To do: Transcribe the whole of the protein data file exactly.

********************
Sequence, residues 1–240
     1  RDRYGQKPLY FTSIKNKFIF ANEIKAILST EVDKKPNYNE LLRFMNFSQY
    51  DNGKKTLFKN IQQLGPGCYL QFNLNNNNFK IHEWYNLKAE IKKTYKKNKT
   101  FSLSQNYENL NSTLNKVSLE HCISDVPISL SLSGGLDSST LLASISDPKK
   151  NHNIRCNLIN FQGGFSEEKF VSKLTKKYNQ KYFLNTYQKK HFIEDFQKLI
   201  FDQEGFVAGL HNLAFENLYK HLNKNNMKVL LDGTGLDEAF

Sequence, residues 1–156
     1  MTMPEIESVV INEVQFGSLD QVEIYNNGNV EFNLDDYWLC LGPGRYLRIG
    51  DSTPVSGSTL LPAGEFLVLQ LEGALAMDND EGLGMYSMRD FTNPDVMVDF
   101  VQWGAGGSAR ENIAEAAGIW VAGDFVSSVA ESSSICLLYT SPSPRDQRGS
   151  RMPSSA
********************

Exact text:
Sequence, residues 1–240
     1  RDRYGQKPLY FTSIKNKFIF ANEIKAILST EVDKKPNYNE LLRFMNFSQY
    51  DNGKKTLFKN IQQLGPGCYL QFNLNNNNFK IHEWYNLKAE IKKTYKKNKT
   101  FSLSQNYENL NSTLNKVSLE HCISDVPISL SLSGGLDSST LLASISDPKK
   151  NHNIRCNLIN FQGGFSEEKF VSKLTKKYNQ KYFLNTYQKK HFIEDFQKLI
   201  FDQEGFVAGL HNLAFENLYK HLNKNNMKVL LDGTGLDEAF

Sequence, residues 1–156
     1  MTMPEIESVV INEVQFGSLD QVEIYNNGNV EFNLDDYWLC LGPGRYLRIG
    51  DSTPVSGSTL LPAGEFLVLQ LEGALAMDND EGLGMYSMRD FTNPDVMVDF
   101  VQWGAGGSAR ENIAEAAGIW VAGDFVSSVA ESSSICLLYT SPSPRDQRGS
   151  RMPSSA